Frequency Shifter

This plugin is a combination of the spectral delete plugin as well as the hilbert transform plugin that I also posted recently.

this plugin gives you direct control of the window size of the impulse responses. higher values are smaller window sizes, and lower values larger window sizes. the minimum possible value before the response reaches the 4000000 sample limit is exactly 0.001000000251 (though this is way beyond practical use, and takes a decent amount of time to render).

it also comes in two different modes. the standard mode behaves like any regular frequency shifter.
SSB tuning style (SSB being short for single-sideband) emulates a single-sideband tuner on a shortwave radio. This means that any frequency foldovers that normally occur in standard mode are filtered out with a sinc filter.

As I stated on the Hilbert Transformer plugin page, I’m still mostly inexperienced at creating nyquist plugins, so there is very much a possibility that this plugin isn’t as optimized or well-coded as it could possibly be.
It seems to work very well though.
frequency-shifter.ny (3.72 KB)

The code looks generally fine, though as you say it’s not optimised, but does work very nicely. :ugeek:

As a matter of coding style, Lispers generally prefer to avoid long lines. For example, rather than:

(if (and (= filtering 1) (> shift 0)) (setf f0 (/ (- (/ *sound-srate* 2) shift) *sound-srate*)) (setf f0 nil))
(if (and (= filtering 1) (< shift 0)) (setf f1 (/ (abs shift) *sound-srate*)) (setf f1 nil))
(let* ((env (truncate len)))

you could do something like:

(let ((env (truncate len))
      (half-sr (/ *sound-srate* 2))
      f0 f1)
  (when (= filtering 1)
      ((> shift 0) (setf f0 (/ (- half-sr shift) *sound-srate*)))
      ((< shift 0) (setf f1 (/ (abs shift) *sound-srate*)))))

But there’s some nasty spaghetti code. For example, when reading the code, working out what “mode” is (highlighted in green) requires jumping all over the code…


Also here:

(defun calc-hilbert-kernel (size)
  ;; Generate windowed Hilbert kernel impulse
  (when (oddp size)
    (error "Size of Hilbert filter must be even"))
  (let ((ar (make-array (1+ size)))
    (do ((i 0 (1+ i))
         (j size (1- j))
         (x (- halfk) (1+ x)))
        ((> i j))
      (setf val (* (Hilbert x)(blackmanHarris i size)))
      (setf (aref ar i) val)
      (setf (aref ar j) (* -1 val)))
    (dotimes (i size ar)
      (setf (aref ar i)(aref ar i)))))

In the line: (x (- halfk) (1+ x))), “halfk” is not defined in the function, so the reader has to search the code to see what it is and where it comes from. (the same issue exists in the spectral delete effect, highlighting the dangers of cut and pasting code).
It turns out that it comes from an unrelated function:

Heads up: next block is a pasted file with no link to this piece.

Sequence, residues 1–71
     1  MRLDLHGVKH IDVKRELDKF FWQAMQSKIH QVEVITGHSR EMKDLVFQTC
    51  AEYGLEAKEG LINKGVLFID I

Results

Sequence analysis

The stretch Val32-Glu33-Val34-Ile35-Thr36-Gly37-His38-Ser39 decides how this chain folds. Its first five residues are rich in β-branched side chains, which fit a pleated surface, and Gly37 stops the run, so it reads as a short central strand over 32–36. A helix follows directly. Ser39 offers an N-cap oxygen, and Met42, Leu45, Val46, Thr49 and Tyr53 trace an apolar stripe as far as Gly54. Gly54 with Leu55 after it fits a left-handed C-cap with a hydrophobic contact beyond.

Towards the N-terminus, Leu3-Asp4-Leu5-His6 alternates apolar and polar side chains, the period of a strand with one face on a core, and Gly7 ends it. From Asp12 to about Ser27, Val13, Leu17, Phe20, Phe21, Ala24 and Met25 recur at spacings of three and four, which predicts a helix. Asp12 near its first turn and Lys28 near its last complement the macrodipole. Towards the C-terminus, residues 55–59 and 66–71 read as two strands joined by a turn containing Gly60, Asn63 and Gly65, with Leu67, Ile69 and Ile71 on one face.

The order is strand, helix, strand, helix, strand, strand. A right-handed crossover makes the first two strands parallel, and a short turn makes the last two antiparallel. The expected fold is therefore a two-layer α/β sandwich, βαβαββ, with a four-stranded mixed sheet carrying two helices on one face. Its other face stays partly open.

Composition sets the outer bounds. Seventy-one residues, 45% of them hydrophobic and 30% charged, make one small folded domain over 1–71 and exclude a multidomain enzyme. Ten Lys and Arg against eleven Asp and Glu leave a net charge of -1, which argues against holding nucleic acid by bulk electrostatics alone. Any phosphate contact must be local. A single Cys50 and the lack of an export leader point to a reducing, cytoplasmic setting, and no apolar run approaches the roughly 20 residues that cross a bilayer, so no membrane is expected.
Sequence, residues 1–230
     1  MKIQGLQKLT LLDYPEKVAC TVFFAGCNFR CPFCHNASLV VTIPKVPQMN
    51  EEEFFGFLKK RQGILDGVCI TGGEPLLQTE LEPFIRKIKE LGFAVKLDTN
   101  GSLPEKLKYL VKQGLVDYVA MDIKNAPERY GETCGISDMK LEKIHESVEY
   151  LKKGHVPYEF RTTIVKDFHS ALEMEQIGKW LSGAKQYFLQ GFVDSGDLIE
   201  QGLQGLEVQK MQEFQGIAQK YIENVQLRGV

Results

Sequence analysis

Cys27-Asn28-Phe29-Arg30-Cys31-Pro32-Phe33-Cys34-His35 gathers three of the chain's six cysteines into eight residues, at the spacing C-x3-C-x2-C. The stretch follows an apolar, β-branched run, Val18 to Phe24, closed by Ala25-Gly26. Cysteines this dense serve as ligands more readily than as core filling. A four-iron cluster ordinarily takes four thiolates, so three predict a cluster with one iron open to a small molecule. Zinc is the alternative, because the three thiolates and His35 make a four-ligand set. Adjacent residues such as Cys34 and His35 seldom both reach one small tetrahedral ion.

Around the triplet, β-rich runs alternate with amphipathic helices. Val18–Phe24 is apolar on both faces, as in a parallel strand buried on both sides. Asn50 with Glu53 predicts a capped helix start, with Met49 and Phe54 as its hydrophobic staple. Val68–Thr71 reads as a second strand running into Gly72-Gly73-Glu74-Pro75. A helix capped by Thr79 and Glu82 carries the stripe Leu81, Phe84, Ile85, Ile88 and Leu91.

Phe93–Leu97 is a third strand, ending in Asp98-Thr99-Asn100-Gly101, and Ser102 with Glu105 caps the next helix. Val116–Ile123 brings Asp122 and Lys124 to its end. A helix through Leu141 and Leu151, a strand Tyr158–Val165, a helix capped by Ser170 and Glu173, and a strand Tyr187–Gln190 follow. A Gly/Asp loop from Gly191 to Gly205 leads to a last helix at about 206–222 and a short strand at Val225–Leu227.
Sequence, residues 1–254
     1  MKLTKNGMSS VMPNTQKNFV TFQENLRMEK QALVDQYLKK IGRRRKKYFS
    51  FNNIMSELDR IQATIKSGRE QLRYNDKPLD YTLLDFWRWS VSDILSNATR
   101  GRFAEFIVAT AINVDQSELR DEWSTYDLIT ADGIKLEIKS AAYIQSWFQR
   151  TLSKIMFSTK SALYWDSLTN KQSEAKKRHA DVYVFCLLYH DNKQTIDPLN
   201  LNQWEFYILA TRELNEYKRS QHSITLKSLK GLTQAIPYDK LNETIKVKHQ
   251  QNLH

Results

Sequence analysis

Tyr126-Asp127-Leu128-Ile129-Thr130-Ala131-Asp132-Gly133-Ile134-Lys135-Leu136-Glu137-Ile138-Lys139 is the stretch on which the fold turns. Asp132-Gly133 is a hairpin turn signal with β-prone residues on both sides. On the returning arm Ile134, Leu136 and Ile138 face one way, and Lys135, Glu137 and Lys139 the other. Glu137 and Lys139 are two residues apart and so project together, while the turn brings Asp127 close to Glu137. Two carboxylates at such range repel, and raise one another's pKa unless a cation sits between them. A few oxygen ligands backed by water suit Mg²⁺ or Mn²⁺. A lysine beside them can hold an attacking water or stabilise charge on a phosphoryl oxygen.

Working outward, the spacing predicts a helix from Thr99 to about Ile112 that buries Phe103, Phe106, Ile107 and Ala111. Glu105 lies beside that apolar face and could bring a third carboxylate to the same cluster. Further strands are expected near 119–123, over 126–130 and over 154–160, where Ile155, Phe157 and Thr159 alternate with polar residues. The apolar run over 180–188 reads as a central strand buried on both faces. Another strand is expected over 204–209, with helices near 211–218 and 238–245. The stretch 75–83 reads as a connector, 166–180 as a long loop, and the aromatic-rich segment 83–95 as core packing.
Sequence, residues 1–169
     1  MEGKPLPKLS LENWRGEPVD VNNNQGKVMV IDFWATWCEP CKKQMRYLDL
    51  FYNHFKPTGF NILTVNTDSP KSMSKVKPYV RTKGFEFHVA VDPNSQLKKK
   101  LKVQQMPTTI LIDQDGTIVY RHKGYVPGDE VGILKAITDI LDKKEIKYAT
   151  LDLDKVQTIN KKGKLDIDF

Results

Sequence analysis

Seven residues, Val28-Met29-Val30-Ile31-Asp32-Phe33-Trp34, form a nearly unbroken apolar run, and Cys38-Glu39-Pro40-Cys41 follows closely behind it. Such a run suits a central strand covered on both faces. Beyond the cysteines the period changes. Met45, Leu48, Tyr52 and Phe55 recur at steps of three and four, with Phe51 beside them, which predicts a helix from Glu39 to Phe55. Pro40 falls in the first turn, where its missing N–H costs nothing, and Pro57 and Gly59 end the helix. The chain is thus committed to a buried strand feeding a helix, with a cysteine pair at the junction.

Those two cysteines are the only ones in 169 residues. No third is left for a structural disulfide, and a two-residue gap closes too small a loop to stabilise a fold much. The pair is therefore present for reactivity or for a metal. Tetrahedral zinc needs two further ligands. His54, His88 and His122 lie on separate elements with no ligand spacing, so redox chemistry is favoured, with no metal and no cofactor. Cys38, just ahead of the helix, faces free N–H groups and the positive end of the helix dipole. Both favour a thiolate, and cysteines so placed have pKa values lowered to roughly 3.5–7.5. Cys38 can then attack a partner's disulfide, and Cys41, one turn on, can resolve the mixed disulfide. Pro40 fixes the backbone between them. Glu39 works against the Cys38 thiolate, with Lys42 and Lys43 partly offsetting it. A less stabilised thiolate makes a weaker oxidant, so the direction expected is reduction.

(defun dofilter (cf bw type)
  ;; type: 0 (low pass) or 1 (highpass)
  ;; Calculate kernel length (must be even)
  (setf klength (/ 4.0 bw))
  (setf halfk (round (/ klength 2)))

but this is very risky as there’s no easy way to see if halfk has been modified elsewhere in the code, which would create a bug.

Try to minimise the scope of variables. Sometimes it’s impossible to avoid variables with global scope (all “;control” variables have global scope), but where variables do have global scope, treat them as constants so as to avoid unexpected bugs.


(setf orig (mult (hzosc (abs shift) *table* (mult (/ (abs shift) shift) -90)) sound))

When “shift” = 0, this gives a divide by zero error.

I’ve not yet figured out why, but I’m seeing strange results when shift is negative and filter size is large.
Apply shift = -100, Filter size = 100, to a 1000 Hz sine wave produces this:

Any idea why this is happening?

It would be better to use sine-table rather than table.

In the current implementation of Nyquist, the default table is sine-table, and that is unlikely to change in future versions, but that’s not to say it won’t ever change, and by explicitly stating sine-table your intention is clear. (explicit is better than implicit :wink:

Just now seeing this.

the reason this is happening is because the filter is so wide that it’s ineffectively eliminating the opposite sideband, so it leaves a sort of ringmoddy effect.

Lots of explaining ahead.
You could think of frequency shifting as like a filtered ringmod. When you ringmod something, you are basically shifting two copies of the audio; one up, and one down. You can think of these two copies as halves. Ringmodding a 1000 hz sine wave to 100 hz results in a 900 hz and 1100 hz sine wave combined. using the hilbert transform function, you can filter out one of the copies, so you can get either 900 or 1100 hz depending on whether the input is negative or not. The filter size controls the window size of the hilbert function, so a wider window size means a filter with a sharper cutoff and vice versa. (Though the way that the current filter size control works more from the perspective of the cutoff, where a larger filter size means a smaller window size and a wider cutoff.)
So a really really wide filter size will leave a large chunk of that other half of the audio unfiltered out. It’s a lot easier to understand if you have knowledge about shortwave radio, but it’s a bit hard to explain thoroughly on its own.

here’s an image of four 1 to 22050 hz chirps, the first three frequency shifted down by 5000 hz with increasing filter sizes for each, and the last one being simply ringmodded to 5000 hz.

also I really appreciate the feedback.
You can very well tell that I’m a novice at this, but you have to start somewhere lol

Can someone tell me what this plugin does? Does it take audio from mid range and move it to bass or treble?